The inverted Greek letter iota ‘’ is used by Peano and by Whitehead and Russell (in Principia Mathematica), always followed by a variable, to begin a definite description.
is read as
2. the x such that x is φ.
or more simply, as
3. the φ.
Grice's example: 'the king'.
Such expressions may occur in subject position, as in
5. the φ is ψ’
6. The king of France is bald.
The formal part of Whitehead's and Russell's famous ‘theory of definite descriptions’ consists of a definition of all formulas
in which a description occurs.
To distinguish the portion
from the rest of a larger sentence (indicated by the ellipses above) in which the expression
occurs, the Griceian scope of the description is indicated by repeating the definite description within brackets:
[(x)φx] . ψ(x)φxThe notion of scope is meant to explain a distinction which Russell famously discusses in “On Denoting”.
Russell says that the sentence
The present King of France is NOT bald.
is ambiguous between two readings.
(1) the reading where it says of the present King of France that he is not bald, and
(2) the reading on which denies that the present King of France is bald.
The former reading requires that there be a unique King of France on the list of things that are not bald, whereas the latter simply says that there is not a unique King of France that appears on the list of bald things.
Russell, like Grice,, but unlike Strawson, says the latter, but not the former, can be true in a circumstance in which there is no King of France.
Russell and Grice analyze this difference as a matter of the scope of the _definite description+, though as we shall see, some modern logicians tend to think of this situation as a matter of the scope of the negation sign.
Thus, Whitehead and Russell introduce a method for indicating the scope of the definite description.
To see how Whitehead's and Russell's method of scope works for this case, we must understand the definition which introduces definite descriptions (i.e., the inverted iota operator).
Whitehead and Russell define:
*14·01 [(x)φx] . ψ(x)φx . = : (∃b) : φx . ≡x . x=b : ψb DfThis kind of definition is called a contextual definition, which are to be contrasted with explicit definitions.
An explicit definition of the definition description would have to look something like the following:
(x)(φx) = : … Dfwhich would allow the definite description to be replaced in any context by whichever defining expression fills in the ellipsis.
By contrast, *14·01 shows how a sentence, in which there is occurrence of a description (x)(φx) in a context ψ, can be replaced by some other sentence (involving φ and ψ) which is equivalent.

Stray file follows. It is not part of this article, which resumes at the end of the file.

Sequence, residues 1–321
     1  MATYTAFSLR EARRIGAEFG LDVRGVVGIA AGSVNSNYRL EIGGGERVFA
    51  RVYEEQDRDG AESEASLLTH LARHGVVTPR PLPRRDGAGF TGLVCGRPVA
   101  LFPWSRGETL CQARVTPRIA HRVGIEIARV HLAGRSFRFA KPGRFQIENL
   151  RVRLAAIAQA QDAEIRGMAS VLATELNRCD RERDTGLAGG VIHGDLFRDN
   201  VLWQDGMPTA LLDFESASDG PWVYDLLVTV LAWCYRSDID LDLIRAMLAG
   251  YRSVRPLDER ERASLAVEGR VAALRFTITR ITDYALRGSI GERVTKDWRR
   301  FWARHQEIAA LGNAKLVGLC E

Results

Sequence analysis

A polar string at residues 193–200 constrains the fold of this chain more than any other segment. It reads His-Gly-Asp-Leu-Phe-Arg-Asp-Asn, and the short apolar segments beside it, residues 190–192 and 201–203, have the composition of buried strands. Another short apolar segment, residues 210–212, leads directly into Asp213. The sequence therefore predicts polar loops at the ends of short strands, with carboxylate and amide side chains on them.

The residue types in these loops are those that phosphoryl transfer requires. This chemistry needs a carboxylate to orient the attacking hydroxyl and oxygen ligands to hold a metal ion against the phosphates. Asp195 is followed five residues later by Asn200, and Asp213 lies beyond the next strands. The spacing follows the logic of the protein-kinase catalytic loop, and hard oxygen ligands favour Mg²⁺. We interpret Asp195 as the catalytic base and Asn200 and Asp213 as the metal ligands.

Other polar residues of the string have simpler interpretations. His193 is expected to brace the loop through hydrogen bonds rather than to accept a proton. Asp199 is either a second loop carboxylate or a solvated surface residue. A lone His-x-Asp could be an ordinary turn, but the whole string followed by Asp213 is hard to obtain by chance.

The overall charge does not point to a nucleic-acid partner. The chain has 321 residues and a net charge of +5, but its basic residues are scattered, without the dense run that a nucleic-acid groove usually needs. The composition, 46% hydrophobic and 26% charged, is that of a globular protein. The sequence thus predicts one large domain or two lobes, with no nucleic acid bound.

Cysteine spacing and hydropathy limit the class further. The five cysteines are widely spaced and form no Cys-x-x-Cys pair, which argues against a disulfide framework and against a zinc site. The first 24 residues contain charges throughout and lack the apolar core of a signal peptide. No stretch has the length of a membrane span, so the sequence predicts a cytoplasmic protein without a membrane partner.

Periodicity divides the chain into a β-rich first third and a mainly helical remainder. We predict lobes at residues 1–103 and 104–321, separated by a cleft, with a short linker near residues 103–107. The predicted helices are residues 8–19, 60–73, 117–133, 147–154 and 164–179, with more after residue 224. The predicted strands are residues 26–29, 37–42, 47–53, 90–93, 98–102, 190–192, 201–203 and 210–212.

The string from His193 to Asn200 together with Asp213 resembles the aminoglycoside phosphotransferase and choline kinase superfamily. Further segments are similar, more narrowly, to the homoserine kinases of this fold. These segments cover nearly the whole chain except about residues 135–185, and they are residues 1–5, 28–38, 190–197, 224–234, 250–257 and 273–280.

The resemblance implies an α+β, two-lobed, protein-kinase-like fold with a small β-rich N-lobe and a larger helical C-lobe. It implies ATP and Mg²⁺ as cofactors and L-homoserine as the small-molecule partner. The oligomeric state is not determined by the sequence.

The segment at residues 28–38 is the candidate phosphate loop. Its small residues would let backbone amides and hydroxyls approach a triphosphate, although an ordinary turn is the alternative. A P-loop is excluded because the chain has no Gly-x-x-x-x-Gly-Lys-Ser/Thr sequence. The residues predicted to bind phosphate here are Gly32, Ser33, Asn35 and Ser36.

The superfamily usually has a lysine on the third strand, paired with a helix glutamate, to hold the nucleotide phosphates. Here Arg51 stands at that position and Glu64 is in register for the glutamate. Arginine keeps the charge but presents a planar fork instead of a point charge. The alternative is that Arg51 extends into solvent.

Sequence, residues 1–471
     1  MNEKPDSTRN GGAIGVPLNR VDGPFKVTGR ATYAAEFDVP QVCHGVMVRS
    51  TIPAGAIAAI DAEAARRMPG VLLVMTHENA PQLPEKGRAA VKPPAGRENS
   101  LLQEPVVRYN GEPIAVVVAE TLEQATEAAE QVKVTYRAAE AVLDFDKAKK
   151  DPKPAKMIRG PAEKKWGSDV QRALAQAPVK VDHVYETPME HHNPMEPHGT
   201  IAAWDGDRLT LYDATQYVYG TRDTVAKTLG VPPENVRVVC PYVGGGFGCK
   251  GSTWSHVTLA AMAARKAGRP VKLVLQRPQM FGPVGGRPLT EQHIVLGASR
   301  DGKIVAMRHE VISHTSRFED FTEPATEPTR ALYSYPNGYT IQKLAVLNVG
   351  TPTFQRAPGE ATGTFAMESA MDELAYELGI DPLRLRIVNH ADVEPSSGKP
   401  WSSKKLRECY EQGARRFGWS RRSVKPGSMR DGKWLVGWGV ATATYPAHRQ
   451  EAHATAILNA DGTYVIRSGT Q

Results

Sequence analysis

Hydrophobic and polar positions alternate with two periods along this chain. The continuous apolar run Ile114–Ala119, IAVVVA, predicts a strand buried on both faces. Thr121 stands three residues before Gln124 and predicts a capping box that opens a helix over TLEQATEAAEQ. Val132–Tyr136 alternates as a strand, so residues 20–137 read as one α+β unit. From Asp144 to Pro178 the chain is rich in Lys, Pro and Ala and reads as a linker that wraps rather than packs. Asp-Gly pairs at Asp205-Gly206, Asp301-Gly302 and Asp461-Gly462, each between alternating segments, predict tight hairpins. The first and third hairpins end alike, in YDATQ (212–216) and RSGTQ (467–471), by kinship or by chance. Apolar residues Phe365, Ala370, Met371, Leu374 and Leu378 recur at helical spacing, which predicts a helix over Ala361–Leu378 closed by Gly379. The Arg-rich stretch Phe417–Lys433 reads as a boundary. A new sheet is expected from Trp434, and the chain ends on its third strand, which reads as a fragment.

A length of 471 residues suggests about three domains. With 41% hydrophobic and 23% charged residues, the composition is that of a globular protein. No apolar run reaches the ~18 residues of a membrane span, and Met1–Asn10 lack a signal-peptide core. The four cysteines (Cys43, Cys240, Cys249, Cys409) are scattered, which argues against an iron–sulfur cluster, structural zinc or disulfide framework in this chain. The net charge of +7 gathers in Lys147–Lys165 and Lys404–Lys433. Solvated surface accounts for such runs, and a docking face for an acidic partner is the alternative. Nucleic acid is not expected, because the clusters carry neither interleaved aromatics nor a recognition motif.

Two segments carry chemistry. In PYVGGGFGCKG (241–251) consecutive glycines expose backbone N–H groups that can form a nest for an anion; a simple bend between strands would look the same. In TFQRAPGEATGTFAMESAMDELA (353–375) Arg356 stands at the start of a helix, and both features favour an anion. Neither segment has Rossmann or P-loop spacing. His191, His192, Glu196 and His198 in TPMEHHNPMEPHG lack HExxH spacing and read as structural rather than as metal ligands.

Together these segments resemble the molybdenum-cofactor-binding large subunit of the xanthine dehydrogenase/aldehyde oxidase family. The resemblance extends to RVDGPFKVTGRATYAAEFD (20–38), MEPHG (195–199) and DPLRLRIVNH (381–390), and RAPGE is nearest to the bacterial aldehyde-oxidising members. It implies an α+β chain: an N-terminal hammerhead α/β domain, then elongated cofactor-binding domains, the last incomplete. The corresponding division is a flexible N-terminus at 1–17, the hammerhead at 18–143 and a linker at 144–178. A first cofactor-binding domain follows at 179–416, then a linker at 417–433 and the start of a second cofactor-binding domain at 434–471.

To develop an instance of this definition, start with the following example:
The present King of France is bald.
Using PKFx to represent the propositional function of being a present King of France and B to represent the propositional function of being bald, Whitehead and Russell would represent the above claim as:
[(x)(PKFx)]. B(x)(PKFx)which by *14·01 means:
(∃b) : PKFx . ≡x . x=b : BbIn words, there is one and only one b which is a present King of France and which is bald.
In modern symbols, using b non-standardly, as a variable, this becomes:
(∃b)[∀x(Kx ≡ x=b) & Bb]Now we return to the example which shows how the scope of the description makes a difference:
There are two options for representing this sentence.
The present King of France is not bald.
[(x)(Kx)] . ~B(x)(Kx)and
~[(x)(Kx)] . B(x)(Kx)In the first, the description has “wide” scope, and in the second, the description has “narrow” scope.
Russell says that the description has “primary occurrence” in the former, and “secondary occurrence” in the latter.
Given the definition *14·01, the two PM formulas immediately above become expanded into primitive notation as:
(∃b) : PKFx ≡x x=b : ~BbIn modern notation these become:
~(∃b) : PKFx ≡x x=b : Bb
∃x[∀y(Ky ≡ y=x) & ~Bx]The former says that there is one and only one object which is a present King of France and which is not bald; i.e., there is exactly one present King of France and he is not bald.
~∃x[∀y(Ky ≡ y=x) & Bx]
This reading is false, given that there is no present King of France.
The latter says it is not the case that there is exactly one present King of France which is bald.
This reading is true.
Although Whitehead and Russell take the descriptions in these examples to be the expressions which have scope, the above readings in both expanded PM notation and in modern notation suggest why some modern logicians take the difference in readings here to be a matter of the scope of the negation sign.